* Shootings have damaged already frayed US-Afghan relations
* Defense has criticized military’s mental health system (Adds details on conditions for imposing death penalty)
By Laura L. Myers
SEATTLE, Dec 19 (Reuters) - A decorated U.S. soldier accused of killing 16 Afghan villagers in two forays from his remote military camp was ordered to face a court martial before a military panel that could impose the death penalty if he is found guilty, the military said on Wednesday.
No date has been set for the capital trial of Army Staff Sergeant Robert Bales, which is scheduled to take place at Joint Base Lewis-McChord in Washington State, military officials said in a statement.
U.S. military prosecutors want the death penalty for Bales, a veteran of four combat tours in Iraq and Afghanistan who is accused of gunning down the villagers - mostly women and children - over a five-hour period in March in Afghanistan’s Kandahar province.
The shootings, among the deadliest involving civilians that the military has blamed on an individual U.S. soldier since the Vietnam War, have further damaged already strained U.S.-Afghan relations.
On the night of the slayings, Bales drank with two fellow soldiers then left his base and went to a village where he committed the first killings, prosecutors said. He then returned to the camp and had a brief exchange with another soldier before leaving for a second village and more killing, they said.
The government believes Bales was solely responsible for the deaths, and survivors have testified they saw only one U.S. soldier. But several indirect accounts have suggested more than one soldier may have been involved.
Bales’ lawyers have not set out an alternative theory to the prosecution’s allegations, but have pointed out inconsistencies in pretrial testimony and highlighted incidents before the shooting where Bales lost his temper easily.
Those incidents could possibly set up an argument that Bales was suffering from post-traumatic stress disorder.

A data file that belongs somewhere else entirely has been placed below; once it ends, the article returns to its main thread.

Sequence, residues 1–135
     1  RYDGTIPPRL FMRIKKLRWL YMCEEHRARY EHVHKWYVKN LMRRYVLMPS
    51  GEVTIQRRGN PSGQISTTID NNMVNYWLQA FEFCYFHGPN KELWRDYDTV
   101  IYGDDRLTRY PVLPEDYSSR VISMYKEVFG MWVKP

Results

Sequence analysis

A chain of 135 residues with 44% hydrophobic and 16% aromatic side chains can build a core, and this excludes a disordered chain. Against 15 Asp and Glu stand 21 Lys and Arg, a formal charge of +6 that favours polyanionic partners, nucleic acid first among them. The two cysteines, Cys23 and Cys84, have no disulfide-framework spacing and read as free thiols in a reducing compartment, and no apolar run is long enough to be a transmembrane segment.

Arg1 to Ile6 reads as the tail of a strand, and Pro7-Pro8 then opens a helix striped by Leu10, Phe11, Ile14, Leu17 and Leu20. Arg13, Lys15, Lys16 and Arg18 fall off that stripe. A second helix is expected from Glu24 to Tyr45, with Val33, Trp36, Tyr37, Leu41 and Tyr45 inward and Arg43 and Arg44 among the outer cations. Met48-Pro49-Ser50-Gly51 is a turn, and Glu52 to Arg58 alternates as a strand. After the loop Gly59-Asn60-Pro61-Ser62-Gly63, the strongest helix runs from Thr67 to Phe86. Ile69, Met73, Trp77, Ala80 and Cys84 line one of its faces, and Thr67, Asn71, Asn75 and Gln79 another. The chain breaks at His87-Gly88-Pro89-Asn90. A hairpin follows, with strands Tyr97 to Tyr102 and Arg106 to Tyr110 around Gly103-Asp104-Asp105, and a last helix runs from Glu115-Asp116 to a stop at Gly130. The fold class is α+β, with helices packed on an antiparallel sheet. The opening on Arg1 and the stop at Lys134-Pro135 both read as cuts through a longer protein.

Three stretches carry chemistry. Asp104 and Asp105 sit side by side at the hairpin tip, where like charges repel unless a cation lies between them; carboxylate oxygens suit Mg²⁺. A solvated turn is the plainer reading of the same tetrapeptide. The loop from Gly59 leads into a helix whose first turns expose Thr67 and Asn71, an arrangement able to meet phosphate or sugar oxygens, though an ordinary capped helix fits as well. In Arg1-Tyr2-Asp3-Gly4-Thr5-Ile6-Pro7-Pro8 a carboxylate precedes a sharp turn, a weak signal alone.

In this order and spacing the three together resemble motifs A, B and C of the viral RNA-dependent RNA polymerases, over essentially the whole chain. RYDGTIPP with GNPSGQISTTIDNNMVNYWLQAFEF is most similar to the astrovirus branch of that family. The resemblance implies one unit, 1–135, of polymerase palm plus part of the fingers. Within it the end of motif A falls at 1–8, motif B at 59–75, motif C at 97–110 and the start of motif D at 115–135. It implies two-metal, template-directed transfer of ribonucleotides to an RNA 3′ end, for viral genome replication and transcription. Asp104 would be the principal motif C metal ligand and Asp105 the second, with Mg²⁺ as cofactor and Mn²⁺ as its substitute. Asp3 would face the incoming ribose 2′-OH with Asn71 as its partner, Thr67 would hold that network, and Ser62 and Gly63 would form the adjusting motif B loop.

A military jury must come to a unanimous decision in deciding guilt as well as whether to impose the death penalty, and they must find at least one aggravating factor that significantly outweighs any mitigating circumstances.
The military justice system also requires the president to approve the execution of a service member. The last U.S. military execution, for rape, occurred in 1961.
Emma Scanlan, a civilian defense attorney for Bales, said on Wednesday her client suffers from an unspecified mental disorder and criticized the decision to refer his case to a capital court martial.
“It’s ignoring the Army’s own responsibility for an abysmal mental health system,” Scanlan said.
She added that, before the shooting, members of a U.S. military special forces team at the base where Bales was assigned had given him steroids and alcohol.
The charges against Bales include 16 counts of premeditated murder, six counts of attempted murder and seven of assault, among other charges, the military said.
During a nine-day pretrial hearing in November, witnesses testified that Bales had been upset by the lack of action over an attack on a patrol several days before the shootings in which the lower part of a soldier’s leg was blown off by a bomb.
Prosecutors presented physical evidence to link Bales to the crime scene, with a forensic investigator saying a sample of blood on his clothes matched a swab taken in one of the compounds where the shootings occurred..
Bales, a father of two, is being held at Joint Base Lewis-McChord. His wife, Kari, said in a statement that her husband, who grew up in Ohio and most recently lived in Lake Tapps, Washington, was entitled to a fair trial.
“I have said from the start that I want my Bob to have a fair trial,” she said. “I no longer know if a fair trial for Bob is possible, but it very much is my hope and I will have faith.” (Reporting by Laura L. Myers; Writing by Alex Dobuzinskis; Editing by Cynthia Johnston, Gary Hill and Todd Eastham)